Stories by Beth Newcomb:
USC teams with local leaders to make Los Angeles more age-friendly
A new initiative takes steps to understand the impact an aging population has on individuals, families and communities.
University Professor Eileen Crimmins elected to National Academy of Sciences
It’s a richly deserved honor for the renowned demography researcher, USC Davis dean says.
One unit short, WWII vet returns to become USC’s oldest graduate at 96
Alfonso Gonzales started at USC in 1947 as the first person in his family to go to college.
Americans living longer with disability or health issues, study shows
Findings led by USC University Professor challenge assumptions that increased longevity is a sign of good health.
Newly discovered proteins may protect against age-related illnesses
The proteins could play a key role in the aging process and the onset of diseases linked to older age.
Helping older adults brings joy to USC gerontology student
A senior’s beloved grandmother was a big reason why she decided to study aging.
Researchers pinpoint brain region as ‘ground zero’ of Alzheimer’s disease
The locus coeruleus is a small part of the brainstem that releases the neurotransmitter responsible for regulating heart rate and cognition.
Student-designers make spaces, products more accessible
USC Davis competition puts principles of Universal Design to work on everyday items and locations.
In memoriam: James E. Birren, 97
The founding dean of the USC Davis School of Gerontology cemented the school’s role as an educational pioneer in the field.
USC to team on gerontology course with Israel, home of the ‘silver tsunami’
Students can explore the topic in a country where young people are being outnumbered by the elderly.
Why we remember — or forget — details of alarming moments
USC study proposes a new explanation behind shocking or exciting incidents that can either improve or impair the memories surrounding them.
Procreation trumps survival — even on a cellular level
Phenomenon observed in worms suggests that, if needed, mothers are biologically hardwired to sacrifice their health to produce future generations.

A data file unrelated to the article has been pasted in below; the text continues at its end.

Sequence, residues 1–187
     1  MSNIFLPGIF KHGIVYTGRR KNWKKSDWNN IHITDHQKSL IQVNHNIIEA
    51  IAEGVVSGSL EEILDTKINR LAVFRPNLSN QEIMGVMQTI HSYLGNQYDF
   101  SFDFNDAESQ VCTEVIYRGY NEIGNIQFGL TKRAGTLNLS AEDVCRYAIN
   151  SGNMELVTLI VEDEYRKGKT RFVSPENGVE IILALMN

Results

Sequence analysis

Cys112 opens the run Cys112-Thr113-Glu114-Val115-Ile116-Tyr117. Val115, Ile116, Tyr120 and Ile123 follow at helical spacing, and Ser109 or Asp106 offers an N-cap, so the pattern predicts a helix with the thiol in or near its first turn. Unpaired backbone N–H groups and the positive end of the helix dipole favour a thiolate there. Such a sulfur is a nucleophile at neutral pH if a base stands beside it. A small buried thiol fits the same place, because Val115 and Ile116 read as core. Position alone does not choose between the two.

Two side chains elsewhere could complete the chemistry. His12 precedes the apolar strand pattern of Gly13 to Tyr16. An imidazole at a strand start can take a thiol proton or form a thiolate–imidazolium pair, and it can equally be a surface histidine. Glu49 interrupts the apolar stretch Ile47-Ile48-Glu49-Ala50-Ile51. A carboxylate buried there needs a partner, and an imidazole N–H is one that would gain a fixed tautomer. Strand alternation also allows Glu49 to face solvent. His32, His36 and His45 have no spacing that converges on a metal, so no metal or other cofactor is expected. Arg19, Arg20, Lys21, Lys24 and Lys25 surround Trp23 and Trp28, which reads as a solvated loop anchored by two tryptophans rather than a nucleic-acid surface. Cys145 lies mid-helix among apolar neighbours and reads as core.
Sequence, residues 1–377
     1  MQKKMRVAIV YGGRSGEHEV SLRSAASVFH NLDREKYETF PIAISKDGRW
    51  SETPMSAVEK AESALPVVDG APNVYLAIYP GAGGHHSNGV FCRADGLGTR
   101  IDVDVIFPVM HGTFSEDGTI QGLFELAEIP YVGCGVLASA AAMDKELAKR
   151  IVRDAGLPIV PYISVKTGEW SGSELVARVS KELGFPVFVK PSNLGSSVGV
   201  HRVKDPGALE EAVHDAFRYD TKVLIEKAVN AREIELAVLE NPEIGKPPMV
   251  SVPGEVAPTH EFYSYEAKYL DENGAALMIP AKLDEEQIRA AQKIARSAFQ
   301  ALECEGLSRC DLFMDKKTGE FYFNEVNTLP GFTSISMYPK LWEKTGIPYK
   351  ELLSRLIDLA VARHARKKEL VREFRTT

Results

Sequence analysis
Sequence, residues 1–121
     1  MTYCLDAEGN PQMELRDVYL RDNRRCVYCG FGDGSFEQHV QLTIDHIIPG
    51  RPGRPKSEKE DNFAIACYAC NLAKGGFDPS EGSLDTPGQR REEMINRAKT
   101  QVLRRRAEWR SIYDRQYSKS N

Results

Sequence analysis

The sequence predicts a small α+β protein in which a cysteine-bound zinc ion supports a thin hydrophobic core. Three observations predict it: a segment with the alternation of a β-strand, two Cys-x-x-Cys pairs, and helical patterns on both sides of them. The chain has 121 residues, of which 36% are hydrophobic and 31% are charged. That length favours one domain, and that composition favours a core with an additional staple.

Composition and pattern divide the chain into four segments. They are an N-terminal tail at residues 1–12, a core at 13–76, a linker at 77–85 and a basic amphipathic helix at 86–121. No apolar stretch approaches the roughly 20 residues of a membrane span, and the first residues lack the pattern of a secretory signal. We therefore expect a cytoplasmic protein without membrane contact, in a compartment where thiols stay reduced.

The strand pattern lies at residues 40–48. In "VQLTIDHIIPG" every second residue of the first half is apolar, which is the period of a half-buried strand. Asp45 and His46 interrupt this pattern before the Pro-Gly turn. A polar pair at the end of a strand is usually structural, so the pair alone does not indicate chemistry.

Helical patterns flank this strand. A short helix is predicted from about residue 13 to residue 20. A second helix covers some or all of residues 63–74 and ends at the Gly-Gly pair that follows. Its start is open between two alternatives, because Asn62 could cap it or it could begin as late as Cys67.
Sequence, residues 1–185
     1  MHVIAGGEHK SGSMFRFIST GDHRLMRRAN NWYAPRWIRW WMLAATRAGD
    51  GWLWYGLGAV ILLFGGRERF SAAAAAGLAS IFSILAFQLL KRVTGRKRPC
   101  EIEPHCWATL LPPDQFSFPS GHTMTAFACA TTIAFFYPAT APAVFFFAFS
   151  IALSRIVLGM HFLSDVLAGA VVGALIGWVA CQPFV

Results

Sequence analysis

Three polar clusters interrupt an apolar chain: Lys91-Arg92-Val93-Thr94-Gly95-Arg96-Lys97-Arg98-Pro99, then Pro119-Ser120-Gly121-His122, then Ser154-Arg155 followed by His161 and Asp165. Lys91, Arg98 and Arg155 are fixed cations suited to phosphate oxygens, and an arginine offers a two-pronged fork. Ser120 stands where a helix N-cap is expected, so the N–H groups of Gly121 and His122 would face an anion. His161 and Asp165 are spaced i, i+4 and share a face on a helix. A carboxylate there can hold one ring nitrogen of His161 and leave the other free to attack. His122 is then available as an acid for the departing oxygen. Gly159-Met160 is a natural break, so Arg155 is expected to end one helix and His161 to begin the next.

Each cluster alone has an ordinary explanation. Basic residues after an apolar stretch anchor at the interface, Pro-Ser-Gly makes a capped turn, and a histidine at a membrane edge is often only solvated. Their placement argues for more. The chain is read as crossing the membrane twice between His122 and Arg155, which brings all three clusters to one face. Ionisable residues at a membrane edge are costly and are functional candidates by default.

Men with Alzheimer’s gene at risk of brain bleeding, study finds
The report offers new evidence that the brain-wasting disease is unique to humans.
Stereotypes in health care can make patients feel worse, study finds
The USC-led study indicates that health care professionals and hospitals should be sensitive to stereotypes that could otherwise lead some patients to avoid care.
CPR usually saves lives on TV, but what about real life?
Medical dramas make resuscitation look twice as effective as in the real world, USC study finds.
Older adults find fulfillment as volunteers who help the young, USC study finds
By reaping the wisdom of seniors, children boost their social standing, well-being and academics.
Why don’t men live as long as women?
A new USC-led study reveals that vulnerability to heart disease is the biggest culprit behind a surge in higher death rates for men versus women during the 20th century.
USC Davis course helps contractors make homes safer for older adults
A new online program evaluates challenges and injury risks, using universal design principles to modify homes.
Siblings, business partners and classmates
USC Davis Master of Arts in Gerontology graduates turn learning into a family affair.
Aging symposium examines Alzheimer’s, longevity and independence
USC Davis faculty share research, assessing its impact on older adults and their families.
Striking art, presented with no explanation
Keck School of Medicine volunteer faculty member and longtime photographer Bill Wishner showcases urban wall art photos in USC’s Sophie Davis Art Gallery.
Gerontology student spans the globe to study aging
Alexander Woodman has researched public health and healthy aging in Southeast Asia and the Middle East.
USC Davis junior faculty receive research awards
Cleopatra Abdou and Sean Curran get grants aimed at supporting one-year pilot research projects into healthy lifestyles and genes.
Healthy at 100? For many Americans, the answer is a resounding ‘yes’
USC study finds a good number of centenarians have no major disability or chronic disease.